Painful periods, known medically as dysmenorrhea, affect millions of women and can have a major impact on your daily life. For some women, the pain is severe enough that it leads to missed work and school days, canceled social plans, and problems taking care of your regular responsibilities.
If period pain is limiting your daily activities, it’s time to discuss it with a health care provider. Board-certified OB/GYN Lillian Schapiro, MD, and the team of compassionate women’s health providers at Ideal Gynecology aim to help women and girls thrive through comprehensive health and wellness care. Our providers diagnose and treat a full range of women’s issues, including painful periods. Keep reading to learn how birth control can help you get relief from period pain.
Up to 90% of women experience some level of period pain. If you’re in the group that experiences severe period pain, it’s wise to discuss options to manage your symptoms.
Prostaglandins are a group of inflammatory compounds that play a role in painful periods. These are natural compounds produced by cells in the inner lining of the uterus and other parts of the body.
When the uterus secretes prostaglandins, the uterine muscles contract. This helps to remove the built-up uterine lining. If this did not happen, the uterine lining would become too thick. Painful periods can happen if your uterus produces too much prostaglandin.
Birth control is helpful for more than preventing unwanted pregnancy. Hormonal contraceptives can be helpful in managing:
Hormonal birth control is also helpful in managing certain gynecological disorders linked to painful periods, such as:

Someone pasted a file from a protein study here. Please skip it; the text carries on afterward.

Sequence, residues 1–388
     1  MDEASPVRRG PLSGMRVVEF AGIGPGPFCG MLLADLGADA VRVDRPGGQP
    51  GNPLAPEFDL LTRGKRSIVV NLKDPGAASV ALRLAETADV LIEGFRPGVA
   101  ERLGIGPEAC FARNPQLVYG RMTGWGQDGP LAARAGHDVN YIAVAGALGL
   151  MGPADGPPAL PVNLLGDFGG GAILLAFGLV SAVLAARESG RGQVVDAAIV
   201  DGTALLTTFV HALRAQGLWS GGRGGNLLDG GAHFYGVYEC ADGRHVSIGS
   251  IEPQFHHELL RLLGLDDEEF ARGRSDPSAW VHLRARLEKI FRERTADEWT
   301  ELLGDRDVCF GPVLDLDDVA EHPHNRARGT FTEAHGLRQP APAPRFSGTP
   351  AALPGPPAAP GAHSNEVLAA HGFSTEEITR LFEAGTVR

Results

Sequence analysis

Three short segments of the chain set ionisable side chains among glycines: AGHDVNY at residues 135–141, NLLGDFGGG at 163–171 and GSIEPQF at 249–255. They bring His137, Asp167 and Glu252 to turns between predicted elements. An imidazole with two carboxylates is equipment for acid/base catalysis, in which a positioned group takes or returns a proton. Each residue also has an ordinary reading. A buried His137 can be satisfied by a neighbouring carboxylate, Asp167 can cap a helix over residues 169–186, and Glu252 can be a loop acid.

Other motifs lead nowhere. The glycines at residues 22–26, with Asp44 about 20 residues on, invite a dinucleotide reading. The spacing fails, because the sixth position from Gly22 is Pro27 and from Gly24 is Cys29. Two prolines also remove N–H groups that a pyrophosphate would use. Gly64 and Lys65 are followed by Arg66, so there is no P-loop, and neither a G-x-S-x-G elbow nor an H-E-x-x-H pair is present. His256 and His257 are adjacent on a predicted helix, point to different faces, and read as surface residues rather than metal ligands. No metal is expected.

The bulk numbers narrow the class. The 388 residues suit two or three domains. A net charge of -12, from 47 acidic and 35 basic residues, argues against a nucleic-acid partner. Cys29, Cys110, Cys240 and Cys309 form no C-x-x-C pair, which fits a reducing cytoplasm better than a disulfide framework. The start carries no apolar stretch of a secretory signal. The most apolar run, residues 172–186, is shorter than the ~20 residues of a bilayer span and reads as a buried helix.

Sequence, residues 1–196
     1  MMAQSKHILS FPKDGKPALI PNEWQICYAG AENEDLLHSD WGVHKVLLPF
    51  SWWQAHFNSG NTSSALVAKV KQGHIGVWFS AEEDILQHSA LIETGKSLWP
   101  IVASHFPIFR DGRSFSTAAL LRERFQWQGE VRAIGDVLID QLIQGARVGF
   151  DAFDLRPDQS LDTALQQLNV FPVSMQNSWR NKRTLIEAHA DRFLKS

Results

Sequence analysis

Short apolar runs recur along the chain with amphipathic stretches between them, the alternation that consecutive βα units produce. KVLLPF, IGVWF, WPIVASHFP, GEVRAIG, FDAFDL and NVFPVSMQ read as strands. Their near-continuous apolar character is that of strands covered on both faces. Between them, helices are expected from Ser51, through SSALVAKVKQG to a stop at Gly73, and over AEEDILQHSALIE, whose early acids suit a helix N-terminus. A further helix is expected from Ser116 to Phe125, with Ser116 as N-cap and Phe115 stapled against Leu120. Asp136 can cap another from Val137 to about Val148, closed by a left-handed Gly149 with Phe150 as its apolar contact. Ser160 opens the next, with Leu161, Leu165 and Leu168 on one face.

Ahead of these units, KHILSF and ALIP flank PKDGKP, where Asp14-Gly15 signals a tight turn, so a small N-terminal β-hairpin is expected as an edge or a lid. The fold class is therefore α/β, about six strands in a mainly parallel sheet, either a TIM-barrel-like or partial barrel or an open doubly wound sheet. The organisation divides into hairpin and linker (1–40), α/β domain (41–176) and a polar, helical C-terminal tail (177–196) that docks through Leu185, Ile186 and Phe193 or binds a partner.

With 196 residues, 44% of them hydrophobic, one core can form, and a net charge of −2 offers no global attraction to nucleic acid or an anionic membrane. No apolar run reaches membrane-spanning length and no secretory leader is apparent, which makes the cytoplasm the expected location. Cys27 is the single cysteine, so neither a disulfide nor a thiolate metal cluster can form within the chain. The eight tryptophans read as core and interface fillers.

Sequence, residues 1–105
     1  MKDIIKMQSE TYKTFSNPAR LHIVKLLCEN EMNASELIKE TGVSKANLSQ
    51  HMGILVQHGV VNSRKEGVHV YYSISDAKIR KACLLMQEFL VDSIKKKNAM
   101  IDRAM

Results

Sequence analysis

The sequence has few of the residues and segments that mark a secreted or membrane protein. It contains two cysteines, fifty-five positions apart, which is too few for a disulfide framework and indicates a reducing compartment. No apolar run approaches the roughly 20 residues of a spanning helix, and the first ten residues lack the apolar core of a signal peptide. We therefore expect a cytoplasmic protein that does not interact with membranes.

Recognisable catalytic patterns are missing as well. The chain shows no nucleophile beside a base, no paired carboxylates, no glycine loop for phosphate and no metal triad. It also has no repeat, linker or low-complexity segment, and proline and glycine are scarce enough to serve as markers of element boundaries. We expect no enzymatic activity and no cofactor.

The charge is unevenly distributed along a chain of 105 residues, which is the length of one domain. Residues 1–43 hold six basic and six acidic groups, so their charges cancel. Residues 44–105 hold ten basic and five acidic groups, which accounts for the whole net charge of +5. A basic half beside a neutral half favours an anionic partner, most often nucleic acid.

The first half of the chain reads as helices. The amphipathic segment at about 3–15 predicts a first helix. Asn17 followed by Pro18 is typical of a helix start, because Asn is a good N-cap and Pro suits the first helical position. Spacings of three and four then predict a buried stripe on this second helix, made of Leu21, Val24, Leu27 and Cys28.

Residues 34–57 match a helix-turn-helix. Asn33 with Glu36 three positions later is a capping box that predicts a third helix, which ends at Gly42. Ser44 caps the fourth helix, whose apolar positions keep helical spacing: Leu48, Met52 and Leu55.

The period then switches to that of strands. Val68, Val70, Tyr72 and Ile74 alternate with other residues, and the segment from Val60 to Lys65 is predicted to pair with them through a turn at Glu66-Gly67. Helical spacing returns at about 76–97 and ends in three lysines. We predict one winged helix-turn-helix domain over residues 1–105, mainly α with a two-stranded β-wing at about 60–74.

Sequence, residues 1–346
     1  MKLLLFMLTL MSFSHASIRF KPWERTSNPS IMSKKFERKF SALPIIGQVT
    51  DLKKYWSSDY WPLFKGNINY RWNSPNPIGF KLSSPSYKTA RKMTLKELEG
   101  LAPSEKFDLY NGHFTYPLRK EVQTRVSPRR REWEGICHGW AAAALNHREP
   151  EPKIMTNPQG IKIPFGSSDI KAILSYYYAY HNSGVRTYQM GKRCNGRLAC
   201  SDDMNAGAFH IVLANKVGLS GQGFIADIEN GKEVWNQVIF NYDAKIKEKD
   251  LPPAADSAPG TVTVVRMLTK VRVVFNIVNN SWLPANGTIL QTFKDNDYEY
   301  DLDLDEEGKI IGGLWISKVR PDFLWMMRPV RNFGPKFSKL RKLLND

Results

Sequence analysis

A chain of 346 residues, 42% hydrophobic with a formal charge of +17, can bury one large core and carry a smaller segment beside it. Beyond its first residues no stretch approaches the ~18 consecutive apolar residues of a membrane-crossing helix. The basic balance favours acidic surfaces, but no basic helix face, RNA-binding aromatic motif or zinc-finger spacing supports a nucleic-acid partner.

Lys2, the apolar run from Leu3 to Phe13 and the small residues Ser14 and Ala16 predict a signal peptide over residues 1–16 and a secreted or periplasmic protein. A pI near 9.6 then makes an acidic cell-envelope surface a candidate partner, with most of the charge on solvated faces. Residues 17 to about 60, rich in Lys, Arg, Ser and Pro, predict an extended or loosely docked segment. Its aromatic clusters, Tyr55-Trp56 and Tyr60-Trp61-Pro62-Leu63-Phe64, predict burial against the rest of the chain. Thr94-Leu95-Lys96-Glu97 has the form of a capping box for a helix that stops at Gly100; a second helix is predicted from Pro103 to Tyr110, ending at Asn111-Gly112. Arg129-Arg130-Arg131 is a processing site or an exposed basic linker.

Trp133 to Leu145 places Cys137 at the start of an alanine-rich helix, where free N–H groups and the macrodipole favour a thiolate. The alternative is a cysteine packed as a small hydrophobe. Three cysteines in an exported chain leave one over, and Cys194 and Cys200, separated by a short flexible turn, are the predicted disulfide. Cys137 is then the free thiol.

Hormonal birth control is more effective at reducing period pain than over-the-counter pain relievers. Additionally, hormonal contraceptives typically make periods lighter and easier to manage.
Your Ideal Gynecology provider will discuss different options and help you choose the option that’s best for you. Hormonal intrauterine devices (IUDs) are the most effective treatments for uncomfortable periods.
Nearly all women experience lighter and shorter periods with significant pain reduction because of IUDs, and many women stop having periods after just one year of usage. The longer you use it, the more likely you are to cease having your period.
During the time you use an IUD, your periods should be light or nonexistent. If you decide you want to become pregnant, your provider can remove the IUD, after which fertility returns.
Other options for birth control to manage painful periods include:
The option that is right for you will depend on your personal health history, lifestyle, and tolerance to potential side effects.
Period pain doesn’t have to control your life. To discuss options for managing period pain, give our team a call at our Atlanta or McDonough office to schedule a visit with Dr. Schapiro.